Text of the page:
This autoethnographic study examines how music learning is influenced by teachers and socio-cultural environments and how this influences not only our musical journeys but the way we view our lives, of the progress we have made, the goals in which we hope to achieve, and the way we perceive we will achieve them. This study explores how my musical background, understanding, learning, music-making abilities, and skills have shaped my present beliefs, attitudes and identity as a musician, educator, and researcher. Focusing on teacher pedagogy and practice, the study reveals how prevailing teacher-centred and didactic approaches to teaching impact the perspectives and experiences of learning, and how music teachers have the ability to motivate, and encourage, but also demoralise and dissuade the musical learner. This study highlights understanding of reflective and reflexive teacher practice and how this can unlock impactful pedagogical and relational attributes, articulating teacher development in becoming the better musician and teacher. This study revealed important insights into the way in which I now experience and understand music through a more insightful and deeper awareness of the influences and contexts that impact the way learners engage in music instruction.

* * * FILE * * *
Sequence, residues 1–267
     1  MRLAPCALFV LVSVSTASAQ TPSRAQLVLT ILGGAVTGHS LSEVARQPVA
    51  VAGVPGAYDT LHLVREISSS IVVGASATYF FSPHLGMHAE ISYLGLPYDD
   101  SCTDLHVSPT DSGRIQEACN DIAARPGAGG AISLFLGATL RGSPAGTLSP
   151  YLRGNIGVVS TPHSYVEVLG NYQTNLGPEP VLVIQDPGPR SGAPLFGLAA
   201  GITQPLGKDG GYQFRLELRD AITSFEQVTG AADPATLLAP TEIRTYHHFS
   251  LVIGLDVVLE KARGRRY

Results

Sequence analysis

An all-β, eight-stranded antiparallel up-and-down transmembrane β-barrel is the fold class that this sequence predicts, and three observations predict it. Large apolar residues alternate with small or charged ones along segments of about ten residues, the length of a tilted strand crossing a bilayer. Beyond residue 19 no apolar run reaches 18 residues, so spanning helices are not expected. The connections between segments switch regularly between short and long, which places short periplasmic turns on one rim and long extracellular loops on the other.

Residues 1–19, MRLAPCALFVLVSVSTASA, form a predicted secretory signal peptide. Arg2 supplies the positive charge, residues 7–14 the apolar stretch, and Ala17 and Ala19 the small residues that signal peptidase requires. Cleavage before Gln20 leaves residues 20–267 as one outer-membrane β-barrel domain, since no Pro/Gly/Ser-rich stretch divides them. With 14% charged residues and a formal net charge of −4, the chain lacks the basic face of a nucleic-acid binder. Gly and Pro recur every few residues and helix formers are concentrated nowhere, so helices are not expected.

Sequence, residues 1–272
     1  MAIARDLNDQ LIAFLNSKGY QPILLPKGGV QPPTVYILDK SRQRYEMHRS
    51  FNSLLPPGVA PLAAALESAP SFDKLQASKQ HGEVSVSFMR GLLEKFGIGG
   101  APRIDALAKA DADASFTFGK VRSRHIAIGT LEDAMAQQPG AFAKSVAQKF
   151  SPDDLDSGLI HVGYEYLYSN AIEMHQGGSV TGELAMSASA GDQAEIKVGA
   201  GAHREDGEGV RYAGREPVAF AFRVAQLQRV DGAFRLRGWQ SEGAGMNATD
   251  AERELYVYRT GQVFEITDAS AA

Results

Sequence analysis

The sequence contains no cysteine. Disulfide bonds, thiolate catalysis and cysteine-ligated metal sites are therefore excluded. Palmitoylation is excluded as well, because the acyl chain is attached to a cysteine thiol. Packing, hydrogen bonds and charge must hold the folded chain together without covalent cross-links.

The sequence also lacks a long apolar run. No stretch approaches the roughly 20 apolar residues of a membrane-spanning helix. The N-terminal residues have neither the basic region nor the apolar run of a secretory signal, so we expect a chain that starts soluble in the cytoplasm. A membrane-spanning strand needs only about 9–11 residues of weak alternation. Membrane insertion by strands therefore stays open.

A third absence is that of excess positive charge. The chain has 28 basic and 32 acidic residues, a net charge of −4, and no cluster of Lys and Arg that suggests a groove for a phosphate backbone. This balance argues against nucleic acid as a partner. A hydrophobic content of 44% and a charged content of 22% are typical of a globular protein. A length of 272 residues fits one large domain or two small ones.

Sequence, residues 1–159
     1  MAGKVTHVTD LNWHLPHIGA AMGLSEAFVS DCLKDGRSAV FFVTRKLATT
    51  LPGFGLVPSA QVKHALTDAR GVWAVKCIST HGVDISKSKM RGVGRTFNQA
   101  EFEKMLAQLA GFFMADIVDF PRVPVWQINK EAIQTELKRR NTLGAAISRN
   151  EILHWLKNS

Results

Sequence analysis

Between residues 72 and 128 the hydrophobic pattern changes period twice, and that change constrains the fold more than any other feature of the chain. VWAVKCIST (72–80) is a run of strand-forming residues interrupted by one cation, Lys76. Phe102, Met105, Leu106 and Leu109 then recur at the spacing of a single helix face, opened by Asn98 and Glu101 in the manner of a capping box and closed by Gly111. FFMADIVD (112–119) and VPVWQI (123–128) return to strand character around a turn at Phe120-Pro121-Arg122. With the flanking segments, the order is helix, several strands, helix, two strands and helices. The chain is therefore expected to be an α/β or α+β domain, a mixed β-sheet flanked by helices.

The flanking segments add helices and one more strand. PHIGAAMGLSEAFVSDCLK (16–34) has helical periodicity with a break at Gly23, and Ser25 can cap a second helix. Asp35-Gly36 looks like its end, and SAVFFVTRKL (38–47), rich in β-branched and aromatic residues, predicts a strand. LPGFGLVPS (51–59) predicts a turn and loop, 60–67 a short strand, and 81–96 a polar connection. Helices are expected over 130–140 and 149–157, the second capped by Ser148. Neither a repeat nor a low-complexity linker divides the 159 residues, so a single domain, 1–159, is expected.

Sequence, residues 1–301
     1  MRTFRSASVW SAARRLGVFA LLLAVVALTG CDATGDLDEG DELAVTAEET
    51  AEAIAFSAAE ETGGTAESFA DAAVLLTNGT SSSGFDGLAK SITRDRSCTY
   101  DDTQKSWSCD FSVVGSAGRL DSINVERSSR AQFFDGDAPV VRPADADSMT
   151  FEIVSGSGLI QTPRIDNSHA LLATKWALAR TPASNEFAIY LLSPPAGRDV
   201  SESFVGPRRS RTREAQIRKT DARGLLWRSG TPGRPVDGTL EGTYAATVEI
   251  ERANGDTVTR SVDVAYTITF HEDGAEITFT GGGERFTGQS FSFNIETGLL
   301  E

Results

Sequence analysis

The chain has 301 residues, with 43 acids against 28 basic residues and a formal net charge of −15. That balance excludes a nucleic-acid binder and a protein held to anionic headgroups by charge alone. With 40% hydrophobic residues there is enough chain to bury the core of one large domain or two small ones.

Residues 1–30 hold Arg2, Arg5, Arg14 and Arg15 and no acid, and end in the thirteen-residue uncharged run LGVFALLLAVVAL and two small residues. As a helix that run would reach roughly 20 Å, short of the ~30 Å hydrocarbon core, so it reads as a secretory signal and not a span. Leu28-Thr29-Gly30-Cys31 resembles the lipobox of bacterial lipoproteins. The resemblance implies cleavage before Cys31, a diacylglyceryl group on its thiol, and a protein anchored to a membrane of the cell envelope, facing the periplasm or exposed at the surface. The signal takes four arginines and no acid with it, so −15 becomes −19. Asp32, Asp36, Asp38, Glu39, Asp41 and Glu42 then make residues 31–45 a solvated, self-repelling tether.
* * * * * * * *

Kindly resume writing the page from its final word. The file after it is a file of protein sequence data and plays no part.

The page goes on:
autoethnography, experiential learning, imagery, situated learning, reflexivity

Author Bio(s)

Dorothy Li is an educator, performer, and researcher in music. She is currently a first year PhD student, in the Faculty of Fine Arts and Music, Melbourne Conservatorium of Music, University of Melbourne, Australia. Her dissertation studies include the learning and teaching of imagery in music practice and performance. Correspondence regarding the article can be addressed directly to Dorothy Li: dorothyl2@student.unimelb.edu.au


I would like to express my sincere gratitude to my supervisors, Dr. Leon de Bruin and Dr. Brad Merrick, for their insightful advice, guidance and support of my PhD study.

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